When did I become the Late Girl?

This may come as a shock to friends and co-workers of the past 2-3 years, but I used to be extremely punctual.
OK, now that I’ve given you enough time to get your laughter out of the way, I’ll continue.

I was raised by one parent who is punctual to a fault–I’m talking punctual as in we leave 30 minutes before a showtime for a movie theater that is five minutes away–and one parent who is well-practiced at navigating traffic to have us arrive usually right on time, if not a few minutes late. To continue the movie theater analogy, this parent typically shows up 10 minutes after the movie has started. Together, you have the perfect mix of I-can-enjoy-my-coffee-because-I’m-ready-to-leave-30-minutes-in-advance and running-out-the-door-coffee-in-hand-to-make-it-maybe-on-time. You would think this would produce the right amount of punctuality, right?

Sure enough, it does. For years, I balanced in the middle. A type-A person who likes order and schedules, I love knowing exactly where I need to be somewhere. At the same time, I am a serious lollygagger with even more serious time management issues, in the sense that I lie to myself almost every day about how long it typically takes me to get ready. Balanced together, you have a person who scheduled lollygagging time in order to leave with enough time to spare, whether it was for work, to meet a friend, or just for a run to Target. This system lasted me for years.

Then something happened. I moved into a fraternity house.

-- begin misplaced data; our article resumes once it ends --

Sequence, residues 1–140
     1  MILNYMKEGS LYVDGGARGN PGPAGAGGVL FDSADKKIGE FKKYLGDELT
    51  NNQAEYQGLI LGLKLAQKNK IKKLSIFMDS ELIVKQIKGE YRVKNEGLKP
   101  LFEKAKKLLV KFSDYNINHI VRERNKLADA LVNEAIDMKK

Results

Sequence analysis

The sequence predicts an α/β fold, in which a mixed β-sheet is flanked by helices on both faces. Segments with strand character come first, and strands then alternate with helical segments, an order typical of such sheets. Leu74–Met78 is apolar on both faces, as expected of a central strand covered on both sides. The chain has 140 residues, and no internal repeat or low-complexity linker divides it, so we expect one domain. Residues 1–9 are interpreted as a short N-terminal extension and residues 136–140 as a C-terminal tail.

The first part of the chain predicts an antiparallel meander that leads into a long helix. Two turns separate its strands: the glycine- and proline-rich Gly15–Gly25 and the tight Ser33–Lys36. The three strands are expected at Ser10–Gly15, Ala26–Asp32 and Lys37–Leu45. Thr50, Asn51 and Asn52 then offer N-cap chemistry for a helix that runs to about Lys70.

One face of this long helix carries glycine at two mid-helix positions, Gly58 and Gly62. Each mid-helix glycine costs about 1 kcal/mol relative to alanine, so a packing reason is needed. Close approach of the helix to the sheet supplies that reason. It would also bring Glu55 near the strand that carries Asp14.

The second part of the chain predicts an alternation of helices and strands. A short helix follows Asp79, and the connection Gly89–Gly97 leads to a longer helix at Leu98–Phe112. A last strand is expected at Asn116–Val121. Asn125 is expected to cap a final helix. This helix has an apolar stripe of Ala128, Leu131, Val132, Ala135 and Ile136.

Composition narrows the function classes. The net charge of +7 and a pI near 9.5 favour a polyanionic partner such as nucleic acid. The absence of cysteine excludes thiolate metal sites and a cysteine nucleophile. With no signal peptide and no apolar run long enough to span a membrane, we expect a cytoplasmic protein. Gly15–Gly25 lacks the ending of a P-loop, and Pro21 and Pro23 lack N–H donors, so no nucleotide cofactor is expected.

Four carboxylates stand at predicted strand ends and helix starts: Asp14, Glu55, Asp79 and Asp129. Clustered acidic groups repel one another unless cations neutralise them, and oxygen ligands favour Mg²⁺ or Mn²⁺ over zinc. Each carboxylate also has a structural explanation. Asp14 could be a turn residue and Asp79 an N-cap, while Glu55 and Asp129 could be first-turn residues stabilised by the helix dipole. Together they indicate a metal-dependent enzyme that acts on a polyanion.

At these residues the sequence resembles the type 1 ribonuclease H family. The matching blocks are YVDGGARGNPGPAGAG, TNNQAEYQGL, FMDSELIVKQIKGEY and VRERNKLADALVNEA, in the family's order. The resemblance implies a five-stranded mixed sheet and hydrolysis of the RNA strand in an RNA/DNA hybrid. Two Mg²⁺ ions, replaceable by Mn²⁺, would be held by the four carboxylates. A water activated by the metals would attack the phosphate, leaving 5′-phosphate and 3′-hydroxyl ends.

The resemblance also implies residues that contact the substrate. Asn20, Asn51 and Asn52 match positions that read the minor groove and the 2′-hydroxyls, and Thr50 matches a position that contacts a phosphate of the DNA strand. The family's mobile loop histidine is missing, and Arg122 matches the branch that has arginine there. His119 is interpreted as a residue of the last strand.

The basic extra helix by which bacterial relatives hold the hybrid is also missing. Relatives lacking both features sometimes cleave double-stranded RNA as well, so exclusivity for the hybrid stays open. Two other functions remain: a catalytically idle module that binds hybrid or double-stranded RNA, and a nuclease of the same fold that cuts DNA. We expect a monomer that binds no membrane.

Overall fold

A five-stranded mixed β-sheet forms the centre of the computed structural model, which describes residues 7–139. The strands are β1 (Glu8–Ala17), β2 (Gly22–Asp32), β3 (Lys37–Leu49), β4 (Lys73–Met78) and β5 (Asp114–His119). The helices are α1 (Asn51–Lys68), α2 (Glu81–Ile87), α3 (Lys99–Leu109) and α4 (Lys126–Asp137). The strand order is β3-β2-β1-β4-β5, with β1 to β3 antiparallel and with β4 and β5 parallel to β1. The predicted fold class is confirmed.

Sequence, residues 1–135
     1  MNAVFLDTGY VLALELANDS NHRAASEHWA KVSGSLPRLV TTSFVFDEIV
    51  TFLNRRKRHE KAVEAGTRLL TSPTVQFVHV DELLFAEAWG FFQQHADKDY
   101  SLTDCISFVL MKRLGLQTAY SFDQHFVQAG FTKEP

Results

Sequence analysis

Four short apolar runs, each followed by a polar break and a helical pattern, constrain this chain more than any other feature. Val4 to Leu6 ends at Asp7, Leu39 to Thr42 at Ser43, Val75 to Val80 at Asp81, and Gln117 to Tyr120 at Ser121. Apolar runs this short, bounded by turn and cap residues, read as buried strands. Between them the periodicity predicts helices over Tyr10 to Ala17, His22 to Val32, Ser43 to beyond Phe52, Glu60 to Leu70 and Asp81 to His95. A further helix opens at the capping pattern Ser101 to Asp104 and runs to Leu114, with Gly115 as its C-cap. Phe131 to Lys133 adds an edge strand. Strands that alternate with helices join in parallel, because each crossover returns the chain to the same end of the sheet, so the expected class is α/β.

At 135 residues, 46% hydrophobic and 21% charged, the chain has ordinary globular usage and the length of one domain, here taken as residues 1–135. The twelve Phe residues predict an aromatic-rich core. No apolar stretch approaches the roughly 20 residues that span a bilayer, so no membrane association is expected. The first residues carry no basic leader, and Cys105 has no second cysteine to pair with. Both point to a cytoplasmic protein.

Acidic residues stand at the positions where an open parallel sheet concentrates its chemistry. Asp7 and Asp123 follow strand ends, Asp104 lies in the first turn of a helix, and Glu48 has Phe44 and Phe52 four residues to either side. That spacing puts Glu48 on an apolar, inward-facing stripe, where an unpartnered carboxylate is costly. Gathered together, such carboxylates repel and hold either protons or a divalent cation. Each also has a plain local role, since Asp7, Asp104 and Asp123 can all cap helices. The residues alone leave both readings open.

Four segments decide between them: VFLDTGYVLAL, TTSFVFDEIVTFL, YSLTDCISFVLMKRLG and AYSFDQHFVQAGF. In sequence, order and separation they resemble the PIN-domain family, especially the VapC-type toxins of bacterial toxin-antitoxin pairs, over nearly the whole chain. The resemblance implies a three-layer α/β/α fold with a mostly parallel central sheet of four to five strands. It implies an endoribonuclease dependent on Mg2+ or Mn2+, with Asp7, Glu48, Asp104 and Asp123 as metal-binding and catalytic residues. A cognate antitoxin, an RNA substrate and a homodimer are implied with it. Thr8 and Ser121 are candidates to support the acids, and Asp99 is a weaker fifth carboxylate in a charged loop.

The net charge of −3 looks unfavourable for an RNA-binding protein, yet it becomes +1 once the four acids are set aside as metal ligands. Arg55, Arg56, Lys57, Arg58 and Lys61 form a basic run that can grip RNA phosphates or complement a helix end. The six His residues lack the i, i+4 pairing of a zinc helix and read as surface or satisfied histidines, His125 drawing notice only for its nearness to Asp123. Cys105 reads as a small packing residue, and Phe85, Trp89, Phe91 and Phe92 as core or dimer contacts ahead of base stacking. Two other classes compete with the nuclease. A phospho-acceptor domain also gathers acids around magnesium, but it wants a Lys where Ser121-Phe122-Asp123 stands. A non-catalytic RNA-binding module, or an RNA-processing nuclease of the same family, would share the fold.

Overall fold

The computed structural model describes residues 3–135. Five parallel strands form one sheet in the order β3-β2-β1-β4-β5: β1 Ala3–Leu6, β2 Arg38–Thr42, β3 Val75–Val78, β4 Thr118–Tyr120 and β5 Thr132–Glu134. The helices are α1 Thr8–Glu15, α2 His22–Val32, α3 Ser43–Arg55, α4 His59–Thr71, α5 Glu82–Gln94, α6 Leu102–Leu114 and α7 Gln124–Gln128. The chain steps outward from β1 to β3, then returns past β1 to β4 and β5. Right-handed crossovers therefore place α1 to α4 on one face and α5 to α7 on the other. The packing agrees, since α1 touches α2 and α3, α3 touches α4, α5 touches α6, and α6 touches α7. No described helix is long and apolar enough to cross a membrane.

OK, so I can’t blame my lateness issues on the fact that I lived with fraternity men for three years (although it seems like a pretty convenient excuse). For some reason, I became lax with my timing and now, voila, I am incapable of leaving for anything, anywhere, ever, on time.

So I ask myself, again, the question that’s been running through my mind for the past several months: When did I become this Late Girl? Was it because of a lack of rigid schedule during grad school? Was it because I worked in an office where someone was always running late, taking the pressure off my own punctuality? Was it because I tried to cram my days with too many things? Was it because the lollygagging part of my day became so enjoyable that I didn’t want it to end?

It’s probably the last one. I’m still searching for the perfect answer to this question.

My coworkers in Greek Life at UMD are very familiar with this bad habit of mine. Since we all lived together on fraternity row, we would usually meet up together anytime there was an office meeting. But somewhere in my 3rd year at Maryland, I stopped caring about super-on-time-punctuatlity and changed my conception of time from “meet outside at 9:50 to walk to the 10 o’clock meeting” to “meeting at 9:50ish to get to the meeting at 10ish.” Even when I scheduled the meet-up time, I was usually the last one to arrive, my co-workers standing in a huddle, patiently waiting for me. I would casually walk out of my house, hear the usual “oh, it’s about time” sort of jokes, before walking to wherever it was we were headed.

After a while, it became a joke; a funny quirk about my personality. “Oh, we’re going to Looneys? Well give Katherine an extra hour to arrive…” “You’re meeting us now? See you in 30 minutes.” One time, I was so elated to actually be running on time, I ran out of my house to beat everyone else to the meet-up location, just for that fleeting moment of victory.